BEIRUT • US air strikes have left a convoy of ISIS fighters stranded in the middle of Syria, punctuating the American military's anger over a deal struck earlier giving the fighters safe passage to militant-held territory on the border with Iraq.
The air strikes blocked the road on which the Islamic State in Iraq and Syria (ISIS) convoy of buses and ambulances was travelling.
Other US air strikes hit militants apparently racing to join the stranded militants, said Colonel Ryan Dillon, the spokesman for the United States-led military coalition in Iraq and Syria.
"Earlier today, we did conduct strikes to crater the road, and we destroyed a small bridge to prevent that convoy from moving further east," Col Dillon said on Wednesday. "The convoy of buses and ambulances has not been struck, but there have been individual vehicles and individuals clearly identified as ISIS', and we did strike those."
He added: "If we can strike ISIS where we are able to do so without harming civilians, we will do that."
Col Dillon said the air strikes stopped the ISIS convoy before it reached militant-held territory, which meant the stranded fighters were deep within an area dominated by the Syrian government and its allies. The convoy had been travelling from west to east. The other ISIS fighters bombed by the coalition had apparently been coming to its rescue, on the same highway but from east to west.
The convoy of buses and ambulances has not been struck, but there have been individual vehicles and individuals clearly identified as ISIS', and we did strike those.
COLONEL RYAN DILLON, spokesman for the US-led coalition, on the air strikes.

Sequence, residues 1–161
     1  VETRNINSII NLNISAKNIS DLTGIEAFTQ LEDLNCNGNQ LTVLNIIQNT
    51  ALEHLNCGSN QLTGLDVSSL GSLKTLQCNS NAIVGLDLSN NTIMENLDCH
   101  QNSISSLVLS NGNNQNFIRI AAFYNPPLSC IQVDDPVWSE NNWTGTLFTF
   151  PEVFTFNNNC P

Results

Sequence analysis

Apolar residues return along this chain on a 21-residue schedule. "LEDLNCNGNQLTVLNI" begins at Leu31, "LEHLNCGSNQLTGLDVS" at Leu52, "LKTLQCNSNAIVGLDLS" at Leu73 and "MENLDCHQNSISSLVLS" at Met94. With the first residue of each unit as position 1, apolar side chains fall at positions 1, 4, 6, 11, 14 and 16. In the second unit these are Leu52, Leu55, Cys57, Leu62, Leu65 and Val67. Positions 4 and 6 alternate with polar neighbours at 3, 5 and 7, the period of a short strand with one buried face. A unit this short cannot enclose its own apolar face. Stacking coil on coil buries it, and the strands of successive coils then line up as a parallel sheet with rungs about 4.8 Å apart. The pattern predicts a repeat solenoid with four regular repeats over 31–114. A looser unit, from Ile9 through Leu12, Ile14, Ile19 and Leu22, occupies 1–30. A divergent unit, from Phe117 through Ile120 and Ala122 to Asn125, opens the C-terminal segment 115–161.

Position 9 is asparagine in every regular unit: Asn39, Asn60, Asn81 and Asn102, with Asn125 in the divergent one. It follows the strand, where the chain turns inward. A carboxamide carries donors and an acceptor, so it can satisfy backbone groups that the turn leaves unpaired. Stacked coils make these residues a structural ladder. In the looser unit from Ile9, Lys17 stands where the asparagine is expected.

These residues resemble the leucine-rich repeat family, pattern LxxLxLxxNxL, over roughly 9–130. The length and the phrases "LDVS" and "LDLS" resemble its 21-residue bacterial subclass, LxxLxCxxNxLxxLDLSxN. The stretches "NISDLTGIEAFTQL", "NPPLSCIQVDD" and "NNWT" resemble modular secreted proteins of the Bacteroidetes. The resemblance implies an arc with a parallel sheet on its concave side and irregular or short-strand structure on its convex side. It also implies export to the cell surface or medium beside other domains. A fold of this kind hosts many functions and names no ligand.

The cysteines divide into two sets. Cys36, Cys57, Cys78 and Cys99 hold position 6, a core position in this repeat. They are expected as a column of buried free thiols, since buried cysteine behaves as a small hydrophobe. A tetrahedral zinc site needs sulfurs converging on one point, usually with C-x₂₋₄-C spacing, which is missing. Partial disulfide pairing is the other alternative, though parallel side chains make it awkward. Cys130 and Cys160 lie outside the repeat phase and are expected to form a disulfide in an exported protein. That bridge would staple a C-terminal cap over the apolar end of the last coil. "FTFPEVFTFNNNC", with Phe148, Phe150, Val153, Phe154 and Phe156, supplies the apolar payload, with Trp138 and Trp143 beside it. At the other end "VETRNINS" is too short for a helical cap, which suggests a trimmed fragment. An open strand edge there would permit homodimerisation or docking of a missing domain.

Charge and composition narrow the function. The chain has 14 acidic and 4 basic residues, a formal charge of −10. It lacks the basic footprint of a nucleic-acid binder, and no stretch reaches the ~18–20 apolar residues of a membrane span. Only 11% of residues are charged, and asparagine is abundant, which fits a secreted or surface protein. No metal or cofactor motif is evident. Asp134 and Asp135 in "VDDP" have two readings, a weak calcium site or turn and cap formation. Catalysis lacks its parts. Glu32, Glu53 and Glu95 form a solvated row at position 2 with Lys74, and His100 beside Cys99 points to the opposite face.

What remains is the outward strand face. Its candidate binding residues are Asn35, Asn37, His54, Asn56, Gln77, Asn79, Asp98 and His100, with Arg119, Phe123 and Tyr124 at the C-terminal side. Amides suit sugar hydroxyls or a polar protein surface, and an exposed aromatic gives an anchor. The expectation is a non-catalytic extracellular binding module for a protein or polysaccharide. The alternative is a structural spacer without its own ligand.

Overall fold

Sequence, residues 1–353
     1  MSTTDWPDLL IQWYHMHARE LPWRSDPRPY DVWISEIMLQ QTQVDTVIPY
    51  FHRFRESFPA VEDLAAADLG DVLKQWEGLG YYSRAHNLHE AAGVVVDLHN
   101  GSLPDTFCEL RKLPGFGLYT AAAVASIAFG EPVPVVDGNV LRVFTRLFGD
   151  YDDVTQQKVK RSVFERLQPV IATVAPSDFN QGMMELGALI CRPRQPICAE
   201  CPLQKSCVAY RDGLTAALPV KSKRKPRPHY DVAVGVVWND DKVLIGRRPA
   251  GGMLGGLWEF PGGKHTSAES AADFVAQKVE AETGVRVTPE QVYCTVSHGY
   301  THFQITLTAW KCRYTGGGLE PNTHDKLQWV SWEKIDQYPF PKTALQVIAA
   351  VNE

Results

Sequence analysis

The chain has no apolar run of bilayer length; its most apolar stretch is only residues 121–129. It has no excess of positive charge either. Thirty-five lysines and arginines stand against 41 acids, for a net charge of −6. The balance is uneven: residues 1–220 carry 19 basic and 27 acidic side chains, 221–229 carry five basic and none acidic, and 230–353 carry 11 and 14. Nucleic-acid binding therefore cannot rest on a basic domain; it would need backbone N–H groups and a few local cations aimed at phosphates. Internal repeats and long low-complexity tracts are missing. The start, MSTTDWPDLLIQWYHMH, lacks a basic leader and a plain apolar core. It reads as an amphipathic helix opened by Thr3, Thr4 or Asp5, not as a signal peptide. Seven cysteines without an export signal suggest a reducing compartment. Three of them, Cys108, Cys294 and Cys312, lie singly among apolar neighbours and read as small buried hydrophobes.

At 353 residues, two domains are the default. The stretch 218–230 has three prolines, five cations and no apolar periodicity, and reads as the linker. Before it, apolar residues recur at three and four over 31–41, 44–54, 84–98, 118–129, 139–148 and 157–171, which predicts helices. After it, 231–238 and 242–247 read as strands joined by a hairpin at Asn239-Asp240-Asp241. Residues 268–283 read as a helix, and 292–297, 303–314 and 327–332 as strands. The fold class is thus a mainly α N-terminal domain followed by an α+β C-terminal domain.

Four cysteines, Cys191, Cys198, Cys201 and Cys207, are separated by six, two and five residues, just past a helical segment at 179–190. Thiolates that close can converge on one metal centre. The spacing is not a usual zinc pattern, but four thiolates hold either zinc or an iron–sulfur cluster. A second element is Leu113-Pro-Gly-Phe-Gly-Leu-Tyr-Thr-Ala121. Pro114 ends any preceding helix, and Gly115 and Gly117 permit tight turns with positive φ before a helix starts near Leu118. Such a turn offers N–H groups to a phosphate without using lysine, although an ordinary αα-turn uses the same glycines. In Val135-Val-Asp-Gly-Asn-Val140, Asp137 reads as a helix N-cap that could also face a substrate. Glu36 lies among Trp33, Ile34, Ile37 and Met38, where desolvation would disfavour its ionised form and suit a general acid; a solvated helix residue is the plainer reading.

There were no reports from Syria that the convoy had reached its destination in Deir el-Zour province in eastern Syria, the last major ISIS stronghold.
The Lebanese army, in coordination with Hizbollah and Syria, had arranged on Monday for 670 ISIS fighters and their relatives to be taken in buses and ambulances from the Lebanese-Syrian border, near Arsal, to Bukamal, close to the border with Iraq. Hizbollah leader Hassan Nasrallah said the evacuees included 26 wounded fighters, 308 armed fighters and 331 civilians.
The ISIS group had been surrounded by Lebanese and Syrian forces on both sides of the border and made the safe-passage deal in exchange for turning over the bodies of nine Lebanese soldiers taken prisoner in 2014.
Said Col Dillon: "The coalition... (is) not party to this agreement between Lebanon, Hizbollah and ISIS... ISIS is a global threat, and relocating terrorists from one place to another is not a lasting solution."
Iraq joined the US military in criticising the decision to move the militants, with Prime Minister Haider al-Abadi faulting Syria for relocating the ISIS fighters to its eastern frontier, which is the border with Iraq. "We fight the terrorists in Iraq," he said in a speech on Tuesday. "We do not send them to Syria - we kill them in Iraq."
Meanwhile, the Iraqi government yesterday declared that its forces had retaken the northern city of Tal Afar and the rest of Nineveh province, once almost entirely controlled by ISIS.
NYTIMES, AGENCE FRANCE PRESSE